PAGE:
Appeal filed in dismissal of Arkansas redistricting case
A decision by a federal judge to dismiss a lawsuit challenging Arkansas’ new districts in the state House of Representatives is being appealed by the American Civil Liberties Union.
The Arkansas State Conference NAACP and the Arkansas Public Policy challenged the new map arguing it dilutes the power of Black voters. The map was approved by the state Board of Apportionment, which is made up of Gov. Asa Hutchinson, Attorney General Leslie Rutledge and Secretary of State John Thurston, all Republicans.
The lawsuit claimed the new House map violates the Voting Rights Act, a 1965 law banning racially discriminatory voting practices. The redistricting plan included 11 majority-Black districts out of 100 House seats. Black residents make up 16.5% of the state's population. Plaintiffs in the lawsuit argue that having 16 majority-Black districts would better reflect Arkansas’ racial demographics.
U.S. District Judge Lee Rudofsky tossed out the case on Tuesday saying private parties like the NAACP do not have the right to challenge districts using the Voting Rights Act. Last week he gave the U.S. Department of Justice five days to become a plaintiff, but federal officials declined to get involved.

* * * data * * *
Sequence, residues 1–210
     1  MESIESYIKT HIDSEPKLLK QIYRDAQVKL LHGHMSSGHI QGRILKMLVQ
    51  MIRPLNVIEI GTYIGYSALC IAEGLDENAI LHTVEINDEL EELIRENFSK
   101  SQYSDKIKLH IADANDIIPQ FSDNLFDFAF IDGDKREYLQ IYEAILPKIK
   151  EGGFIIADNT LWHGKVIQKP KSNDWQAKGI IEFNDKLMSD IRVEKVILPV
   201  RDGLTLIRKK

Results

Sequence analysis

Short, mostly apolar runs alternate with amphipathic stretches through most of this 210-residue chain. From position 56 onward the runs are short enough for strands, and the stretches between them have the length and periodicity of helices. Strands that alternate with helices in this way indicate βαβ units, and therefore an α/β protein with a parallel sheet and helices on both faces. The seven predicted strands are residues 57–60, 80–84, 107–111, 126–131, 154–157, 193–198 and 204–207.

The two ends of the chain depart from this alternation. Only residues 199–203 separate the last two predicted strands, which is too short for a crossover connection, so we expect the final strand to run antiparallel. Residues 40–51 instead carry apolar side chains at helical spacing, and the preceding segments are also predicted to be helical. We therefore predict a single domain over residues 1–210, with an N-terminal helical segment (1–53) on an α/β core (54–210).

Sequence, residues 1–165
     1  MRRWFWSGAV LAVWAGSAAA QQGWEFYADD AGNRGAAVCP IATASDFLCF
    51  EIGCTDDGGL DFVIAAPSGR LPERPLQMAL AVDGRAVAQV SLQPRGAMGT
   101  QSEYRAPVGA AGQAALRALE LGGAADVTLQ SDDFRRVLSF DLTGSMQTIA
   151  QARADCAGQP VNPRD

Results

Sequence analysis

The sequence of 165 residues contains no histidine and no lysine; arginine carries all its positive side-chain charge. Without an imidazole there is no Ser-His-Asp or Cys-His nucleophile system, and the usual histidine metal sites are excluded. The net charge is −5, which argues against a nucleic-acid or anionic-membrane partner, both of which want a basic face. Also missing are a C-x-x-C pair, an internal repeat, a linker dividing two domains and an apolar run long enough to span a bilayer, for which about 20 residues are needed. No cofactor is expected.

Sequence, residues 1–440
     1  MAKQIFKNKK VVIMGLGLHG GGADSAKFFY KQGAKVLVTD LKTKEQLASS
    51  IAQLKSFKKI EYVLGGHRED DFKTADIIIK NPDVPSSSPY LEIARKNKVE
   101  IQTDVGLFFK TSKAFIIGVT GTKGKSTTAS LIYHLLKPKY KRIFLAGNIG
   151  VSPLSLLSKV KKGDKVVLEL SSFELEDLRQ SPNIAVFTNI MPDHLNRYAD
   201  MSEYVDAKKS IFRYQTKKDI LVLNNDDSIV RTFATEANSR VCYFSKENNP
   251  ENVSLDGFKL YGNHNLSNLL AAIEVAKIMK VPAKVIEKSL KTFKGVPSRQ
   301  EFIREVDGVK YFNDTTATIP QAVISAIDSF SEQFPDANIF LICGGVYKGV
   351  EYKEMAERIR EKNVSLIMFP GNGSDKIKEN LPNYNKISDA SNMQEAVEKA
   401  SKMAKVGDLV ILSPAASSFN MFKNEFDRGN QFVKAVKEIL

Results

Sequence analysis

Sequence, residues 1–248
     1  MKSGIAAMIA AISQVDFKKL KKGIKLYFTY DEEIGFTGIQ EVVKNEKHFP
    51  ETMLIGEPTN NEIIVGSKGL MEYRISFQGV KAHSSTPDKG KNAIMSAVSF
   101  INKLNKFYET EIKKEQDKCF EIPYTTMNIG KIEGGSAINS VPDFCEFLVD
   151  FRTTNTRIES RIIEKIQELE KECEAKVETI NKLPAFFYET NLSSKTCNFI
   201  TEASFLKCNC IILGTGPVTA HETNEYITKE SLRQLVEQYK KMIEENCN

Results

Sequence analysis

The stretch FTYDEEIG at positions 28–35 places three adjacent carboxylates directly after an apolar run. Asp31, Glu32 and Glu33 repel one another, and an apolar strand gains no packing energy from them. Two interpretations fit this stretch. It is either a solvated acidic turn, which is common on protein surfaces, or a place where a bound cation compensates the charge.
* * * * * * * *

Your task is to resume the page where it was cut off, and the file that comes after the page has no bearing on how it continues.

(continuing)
ACLU of Arkansas Legal Director Gary Sullivan called the move “unprecedented.” He said in an interview that the decision does not reflect precedent set by the U.S. Supreme Court and that no federal court has made a similar ruling in the lifespan of the Voting Rights Act.
Sullivan suggested the ruling will give state legislatures the power to create “basically any kind of map they wanted to,” keeping black voters from electing their preferred candidates.
“Then Black voters who realize what is going on are discouraged because they feel like their votes don't count,” Sullivan said.
It could take up to a year before a federal appeals court hears arguments in the case, he said. That means it would not have any impact on the upcoming November elections. All 135 seats in the state House and Senate are up for grabs.
The redistricting process takes place every 10 years based on the population count from the U.S. Census.